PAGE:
White states that many patients who have BED are often not identified, and even fewer receive empirically-based treatment.1 Often, patients and primary care physicians view the patient’s binge eating as a reflection of their obesity and need for diet and exercise.1 Rarely, as in this case, is binge eating identified as a disorder. For example, the patient in the clinical case discussed weight loss with her doctor; however, BED was never addressed as a possible cause. White believes that many physicians are truly uncomfortable bringing up the subject of weight issues with patients, and many reasons why exist.1 Some feel they do not have the expertise to speak about it and others are concerned about damaging the therapeutic relationship they’ve established with the patient.[3] However, according to White, it is extremely important for physicians to be able to provide referrals to specialized care, to talk about options regarding weight loss, and to address the needs of the patient along the way.1

When obese patients are smokers, their risk of health consequences increases, especially for diabetes and cardiovascular disease.1 However, health consequences often motivate a smoker to quit, as was the case with the patient in the case study. According to O’Malley, women are less likely than men to continue being smoke-free for many reasons.1 For example, being smoke-free for one year leads to a gain of 11 pounds as being smoke-free leads to decreased energy and increased appetite.4 For overweight patients who quit smoking, especially those with binge eating problems, the weight gain after one year was significantly higher than the average-sized patients, at 24.6 pounds.[4] However, O’Malley believes that the case study patient’s binge eating also puts her at risk of smoking relapse.1 Her expectations that smoking could also limit her binge eating puts her at risk.1 O’Malley believes that the CBT for BED will aid patients in refraining from beginning smoking again, as they decrease the food deprivation that increase the smoking urges and help develop coping skills, as many use cigarettes to cope with situations.1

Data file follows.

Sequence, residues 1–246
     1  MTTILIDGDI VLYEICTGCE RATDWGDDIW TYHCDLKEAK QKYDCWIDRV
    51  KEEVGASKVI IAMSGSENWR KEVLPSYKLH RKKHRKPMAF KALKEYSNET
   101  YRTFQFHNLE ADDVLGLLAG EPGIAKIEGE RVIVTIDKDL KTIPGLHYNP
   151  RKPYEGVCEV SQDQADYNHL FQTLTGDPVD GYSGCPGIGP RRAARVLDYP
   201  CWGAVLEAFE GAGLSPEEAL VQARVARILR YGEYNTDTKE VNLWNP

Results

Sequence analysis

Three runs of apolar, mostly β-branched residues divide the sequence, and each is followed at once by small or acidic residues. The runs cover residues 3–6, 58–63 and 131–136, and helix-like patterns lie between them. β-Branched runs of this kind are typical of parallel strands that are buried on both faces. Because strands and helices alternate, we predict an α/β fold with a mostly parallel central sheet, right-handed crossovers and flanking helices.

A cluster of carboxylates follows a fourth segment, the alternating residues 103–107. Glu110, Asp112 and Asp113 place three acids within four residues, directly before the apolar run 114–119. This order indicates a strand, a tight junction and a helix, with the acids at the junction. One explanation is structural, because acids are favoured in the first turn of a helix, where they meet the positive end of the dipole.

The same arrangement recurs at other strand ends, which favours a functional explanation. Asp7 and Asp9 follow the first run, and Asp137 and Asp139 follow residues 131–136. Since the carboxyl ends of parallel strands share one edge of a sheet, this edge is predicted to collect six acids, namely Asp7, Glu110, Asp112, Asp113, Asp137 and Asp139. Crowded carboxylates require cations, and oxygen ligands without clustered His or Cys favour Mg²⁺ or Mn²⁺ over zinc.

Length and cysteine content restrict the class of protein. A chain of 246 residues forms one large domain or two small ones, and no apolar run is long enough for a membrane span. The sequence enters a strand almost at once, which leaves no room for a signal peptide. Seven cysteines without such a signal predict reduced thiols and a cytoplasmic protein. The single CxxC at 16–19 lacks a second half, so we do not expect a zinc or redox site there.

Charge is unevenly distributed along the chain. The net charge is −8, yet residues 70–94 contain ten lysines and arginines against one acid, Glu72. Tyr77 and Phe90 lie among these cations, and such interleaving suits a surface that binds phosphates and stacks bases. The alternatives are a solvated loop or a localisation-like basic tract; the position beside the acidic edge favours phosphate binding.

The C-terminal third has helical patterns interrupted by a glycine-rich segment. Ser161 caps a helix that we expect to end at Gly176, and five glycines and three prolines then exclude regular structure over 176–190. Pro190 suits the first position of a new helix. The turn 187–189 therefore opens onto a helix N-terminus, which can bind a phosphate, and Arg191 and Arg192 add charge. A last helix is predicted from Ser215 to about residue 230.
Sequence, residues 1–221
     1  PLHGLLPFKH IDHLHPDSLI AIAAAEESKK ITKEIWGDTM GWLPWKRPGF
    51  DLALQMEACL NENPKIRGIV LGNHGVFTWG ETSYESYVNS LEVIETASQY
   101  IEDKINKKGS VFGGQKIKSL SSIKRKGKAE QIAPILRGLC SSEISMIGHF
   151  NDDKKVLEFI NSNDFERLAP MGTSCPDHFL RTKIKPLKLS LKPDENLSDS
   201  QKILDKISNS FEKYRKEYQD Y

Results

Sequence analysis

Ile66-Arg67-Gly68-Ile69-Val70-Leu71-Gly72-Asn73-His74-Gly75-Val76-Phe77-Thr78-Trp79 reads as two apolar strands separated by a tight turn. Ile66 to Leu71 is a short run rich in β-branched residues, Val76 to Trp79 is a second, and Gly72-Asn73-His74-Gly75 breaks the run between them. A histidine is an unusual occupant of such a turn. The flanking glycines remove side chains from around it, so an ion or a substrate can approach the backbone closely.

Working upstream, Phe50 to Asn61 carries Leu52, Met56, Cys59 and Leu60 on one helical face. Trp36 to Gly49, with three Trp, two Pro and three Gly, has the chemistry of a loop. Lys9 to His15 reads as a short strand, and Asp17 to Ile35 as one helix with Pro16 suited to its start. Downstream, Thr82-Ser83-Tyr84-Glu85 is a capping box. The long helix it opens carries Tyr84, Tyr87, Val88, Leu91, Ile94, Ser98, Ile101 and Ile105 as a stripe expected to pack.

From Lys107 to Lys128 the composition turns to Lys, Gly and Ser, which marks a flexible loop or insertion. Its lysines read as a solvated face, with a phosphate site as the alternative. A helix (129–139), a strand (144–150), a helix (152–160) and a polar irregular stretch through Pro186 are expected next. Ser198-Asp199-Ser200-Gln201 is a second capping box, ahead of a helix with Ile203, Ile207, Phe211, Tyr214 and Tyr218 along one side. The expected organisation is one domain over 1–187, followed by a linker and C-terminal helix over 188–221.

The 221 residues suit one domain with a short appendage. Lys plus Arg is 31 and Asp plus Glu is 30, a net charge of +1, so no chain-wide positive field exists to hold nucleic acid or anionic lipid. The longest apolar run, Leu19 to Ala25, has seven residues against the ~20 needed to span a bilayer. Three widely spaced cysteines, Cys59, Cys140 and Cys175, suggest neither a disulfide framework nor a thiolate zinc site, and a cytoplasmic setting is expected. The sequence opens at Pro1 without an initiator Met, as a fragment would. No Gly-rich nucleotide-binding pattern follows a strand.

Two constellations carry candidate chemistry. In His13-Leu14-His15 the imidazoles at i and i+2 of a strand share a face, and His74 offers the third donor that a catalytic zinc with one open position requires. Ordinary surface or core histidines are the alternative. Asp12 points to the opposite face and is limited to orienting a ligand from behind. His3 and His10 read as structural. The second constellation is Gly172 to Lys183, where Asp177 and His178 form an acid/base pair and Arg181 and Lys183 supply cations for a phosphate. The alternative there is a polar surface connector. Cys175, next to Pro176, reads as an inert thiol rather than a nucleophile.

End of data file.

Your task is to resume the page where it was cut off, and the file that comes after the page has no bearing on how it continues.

According to White and colleagues, cognitive-behavioral therapy (CBT) is the number one treatment for BED. In fact, studies of CBT for BED have shown remission rates of 50 percent and higher, along with improvements psychological and psychosocial functioning.[5] The only problem White and colleagues believe to be found with CBT for BED is the minimal amount of weight lost during the treatment.5 The patient in the case study lost a mere five pounds. However, CBT remains superior to other treatment options, such as behavioral weight loss therapy[6] and the medicine fluoxetine.[7] Also, the results achieved with CBT are known to be maintained after 24 months of completion.6 Overall, White and colleagues remain concerned that the failure to produce weight loss will lead to health problems in patients who have their BED in remission.1 Therefore, they propose that further research be done to find ways to enhance weight loss in patients who are obese and have BED.[8]



[1] White, M.A.; Grilo, C.M.; O’Malley, S.S.; Potenza, M.N. (2010). Binge Eating Disorder, Obesity, and Tobacco Smoking. J Addict Med 4(1): 11-18.

[2] Hudson JI, Hiripi E, Pope HG, et al. The prevalence and correlates of eating disorders in the NCS replication. Biol Psychiatry. 2007;61:348-358.

[3] Puhl RM, Heuer CA. The stigma of obesity: A review and update. Obesity. 2009;17:941-964.

[4] White MA, Masheb RM, Grilo CM. Self-reported weight gain following smoking cessation: A function of binge eating  behaviour. Int J Eat Disorders. 2009 Aug 28. [Epub ahead of print] PMID: 19718662.

[5] Wilson GT, Grilo CM, Vitousek K. Psychological treatments for eating disorders. Am Psychol. 2007;62:199-216.

[6] Wilson GT, Wilfley DE, Agras WS, Bryson SW. Psychological treatments of binge eating disorder. Arch Gen Psychiatry. 2010; 67:94-101.

[7] Grilo CM, Masheb RM, Wilson GT. Efficacy of cognitive behavioral therapy and fluoxetine for the treatment of binge eating disorder: A randomized double-blind placebo-controlled comparison. Biol Psychiatry. 2005;57:301-309.

[8] Grilo CM. What treatment research is needed for eating disorder not otherwise specified and binge eating disorder? In: Grilo CG, Mitchell JE, eds, The Treatment of Eating Disorders: A Clinical Handbook. New York: Guilford Press; 2010:554-568.